My feet touch the soft carpet. My left hand rests on the varnished oak railing, matching the trimmings on the walls that confine my steps. Down I go, down the stairs. Three right turns and I am in the basement.
A continuation of the soft beige carpet and a wacky monkey painting greet me as I take in the room again. The familiarity seeps into my bones. Every nick, every scratch could tell you a story. The small hole near the washroom door contains laughter and prop arrows. The dark smudge near the bags and wrapping paper closet was caused by a slightly too heavy bag.
Each memory, no matter how small or inconsequential, creates a feeling of contentment in this room. A series of rooms, a layout well lived, explained in the last ten years in this house.
The first three were filled with begging and tears to be sent back. The next four were defined by resentment and joy, with a mind fighting against this place and a body already knowing where its home was. Two more years held belonging and familiarity, something only created after accepting that this was a home worth being in. The last was leaving, and realizing how much this house defined me.
A basement with its soft carpet and oak railing has grown up with me, aging me into the person I am. I dream and yearn for its three left turns. Its big brown couch and large TV. Its colorful chairs in the far left corner that hold the ghosts of tri-board projects and pizza nights. The chiffon coffee table has been pushed out of the way so many times, so we could squeeze in four people to play a round of Just Dance, that it is odd for it to be in its proper place.
I walk over to the couch, and grab a blanket to stay warm in a perpetually damp room. Even with a dehumidifier, the moisture always seeps in like an unscratchable itch. Moving the pillows out of the way, I see a small gray pillow with a little gray wolf whose nose sticks out; the word “Alaska” printed above its face. It is from a small rainy town way up north, back in 2013. I take my place on the far right side of the couch, as I have always gravitated to that spot. There, I can place my arm against the armrest and curl up in an old, warm, worn blanket from one of my parents’ many adventures. My sister sits on the left side, also curled up in a blanket, holding the remote like a well-won trophy, deciding our fate for the evening.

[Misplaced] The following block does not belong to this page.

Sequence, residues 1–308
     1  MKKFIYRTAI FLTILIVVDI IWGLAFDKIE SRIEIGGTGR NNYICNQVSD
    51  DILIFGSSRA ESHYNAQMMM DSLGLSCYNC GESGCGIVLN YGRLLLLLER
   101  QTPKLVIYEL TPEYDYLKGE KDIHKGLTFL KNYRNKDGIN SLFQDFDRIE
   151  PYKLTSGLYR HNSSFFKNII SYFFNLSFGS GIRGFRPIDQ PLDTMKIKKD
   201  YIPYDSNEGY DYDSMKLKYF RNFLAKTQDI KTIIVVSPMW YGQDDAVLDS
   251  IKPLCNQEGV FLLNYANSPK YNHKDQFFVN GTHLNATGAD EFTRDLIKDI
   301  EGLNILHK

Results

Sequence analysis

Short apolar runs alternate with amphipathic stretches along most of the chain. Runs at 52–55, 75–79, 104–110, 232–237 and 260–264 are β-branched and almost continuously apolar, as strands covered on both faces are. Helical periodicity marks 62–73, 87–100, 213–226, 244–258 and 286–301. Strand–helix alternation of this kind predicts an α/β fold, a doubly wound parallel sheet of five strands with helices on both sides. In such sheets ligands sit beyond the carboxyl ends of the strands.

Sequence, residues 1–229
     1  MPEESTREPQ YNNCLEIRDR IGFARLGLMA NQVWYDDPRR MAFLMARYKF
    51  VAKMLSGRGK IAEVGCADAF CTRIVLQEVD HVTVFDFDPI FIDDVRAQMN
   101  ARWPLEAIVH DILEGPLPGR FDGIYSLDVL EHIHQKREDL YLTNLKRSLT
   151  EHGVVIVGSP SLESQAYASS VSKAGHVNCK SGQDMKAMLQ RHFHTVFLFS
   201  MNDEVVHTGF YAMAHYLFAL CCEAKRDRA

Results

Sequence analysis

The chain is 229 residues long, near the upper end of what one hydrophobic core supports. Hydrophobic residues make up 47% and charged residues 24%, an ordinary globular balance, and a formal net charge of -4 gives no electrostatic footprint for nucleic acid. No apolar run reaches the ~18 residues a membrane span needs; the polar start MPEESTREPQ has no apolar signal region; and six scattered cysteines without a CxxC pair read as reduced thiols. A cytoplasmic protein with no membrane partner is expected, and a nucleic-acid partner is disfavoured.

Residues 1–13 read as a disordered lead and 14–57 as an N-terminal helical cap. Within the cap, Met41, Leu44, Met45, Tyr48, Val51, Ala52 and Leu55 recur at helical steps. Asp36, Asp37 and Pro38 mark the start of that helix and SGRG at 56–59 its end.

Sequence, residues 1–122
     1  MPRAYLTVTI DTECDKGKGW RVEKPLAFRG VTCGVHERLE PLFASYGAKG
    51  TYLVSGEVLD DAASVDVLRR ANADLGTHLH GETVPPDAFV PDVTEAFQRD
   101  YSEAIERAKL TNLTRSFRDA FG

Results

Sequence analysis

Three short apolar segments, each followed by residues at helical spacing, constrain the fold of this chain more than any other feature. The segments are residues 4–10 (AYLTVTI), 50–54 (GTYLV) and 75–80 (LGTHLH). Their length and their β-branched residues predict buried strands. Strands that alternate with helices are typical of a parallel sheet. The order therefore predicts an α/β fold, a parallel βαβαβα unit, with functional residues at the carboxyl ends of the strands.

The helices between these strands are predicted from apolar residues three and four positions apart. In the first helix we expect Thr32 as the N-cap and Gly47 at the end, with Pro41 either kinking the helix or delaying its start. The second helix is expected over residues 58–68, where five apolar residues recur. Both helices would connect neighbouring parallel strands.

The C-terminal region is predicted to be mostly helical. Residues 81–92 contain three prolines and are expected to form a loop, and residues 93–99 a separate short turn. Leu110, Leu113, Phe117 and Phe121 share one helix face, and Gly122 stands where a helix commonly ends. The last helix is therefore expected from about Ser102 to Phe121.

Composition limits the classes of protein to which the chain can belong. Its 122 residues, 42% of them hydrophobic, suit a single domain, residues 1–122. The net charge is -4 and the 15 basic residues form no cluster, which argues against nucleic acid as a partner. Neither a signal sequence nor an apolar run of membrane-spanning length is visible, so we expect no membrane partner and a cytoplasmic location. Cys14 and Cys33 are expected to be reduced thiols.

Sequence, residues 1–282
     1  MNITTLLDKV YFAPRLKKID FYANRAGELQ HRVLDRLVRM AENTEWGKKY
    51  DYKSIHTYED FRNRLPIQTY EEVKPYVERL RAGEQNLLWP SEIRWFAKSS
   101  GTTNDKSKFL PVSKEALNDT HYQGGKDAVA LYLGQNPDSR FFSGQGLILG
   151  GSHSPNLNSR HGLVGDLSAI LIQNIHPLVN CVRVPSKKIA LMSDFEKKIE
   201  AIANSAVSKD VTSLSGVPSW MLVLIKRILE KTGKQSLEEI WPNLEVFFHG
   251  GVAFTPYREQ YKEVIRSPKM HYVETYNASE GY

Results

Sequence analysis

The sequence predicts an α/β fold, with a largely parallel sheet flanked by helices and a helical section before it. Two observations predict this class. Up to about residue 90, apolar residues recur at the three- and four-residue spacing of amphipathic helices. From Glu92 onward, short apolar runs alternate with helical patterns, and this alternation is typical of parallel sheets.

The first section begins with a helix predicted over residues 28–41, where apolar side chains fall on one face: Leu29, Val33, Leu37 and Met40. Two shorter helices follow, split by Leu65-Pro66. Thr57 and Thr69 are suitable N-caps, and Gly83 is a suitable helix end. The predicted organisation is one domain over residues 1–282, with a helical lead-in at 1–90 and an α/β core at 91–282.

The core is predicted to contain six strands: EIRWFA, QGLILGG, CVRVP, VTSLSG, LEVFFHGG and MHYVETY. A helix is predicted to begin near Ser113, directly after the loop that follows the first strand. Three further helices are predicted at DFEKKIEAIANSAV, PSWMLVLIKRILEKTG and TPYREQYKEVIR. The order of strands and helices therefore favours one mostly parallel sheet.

She always gravitates towards a romantic or nostalgic movie that will transport us to a cottage-filled world and leave us all warm and fuzzy inside. When my best friend is at the helm, she always picks between Inglorious Bastards, Mamma Mia, or Tin Tin, leaving us with a disrarry of feelings; either elation for the movie’s vengeance, jumpy and prone to song, or nostalgic. When my sister’s old friend was over, he would always try to broaden our horizons, choosing movies from Japan, Korea, or China, and leaving us feeling worldly and well traveled. Movie nights in this basement were like being a regular at multiple different coffee shops; you always knew what you were going to get, even if it was a little bit different.
The movie is chosen, the lights are flicked off, and we are transported to another place. This basement had a habit of making each movie feel so very real, like you were in the movie, like it was your world, until you stepped on the last carpeted stair to leave the room. The movie finishes as it always does when my sister chooses it; with a good ending and a warm, fuzzy feeling as the credits roll on screen. As I make my way across the room, past that wacky monkey painting and colorful chairs, I feel like there is no other place I would rather be. If I could, I would trade in the feeling of perpetual newness – that great, touristy, out-of-place feeling – and exchange it with this raggedy comfort. But at last, this room does not hold my bed, and the stairs are not going to climb themselves. I make my way up, three left turns and a varnished oak railing to cling to. My feet leave the carpet and hit the wooden floor, and I know that I will forget to come down here for another few weeks, until my sister suggests another movie night.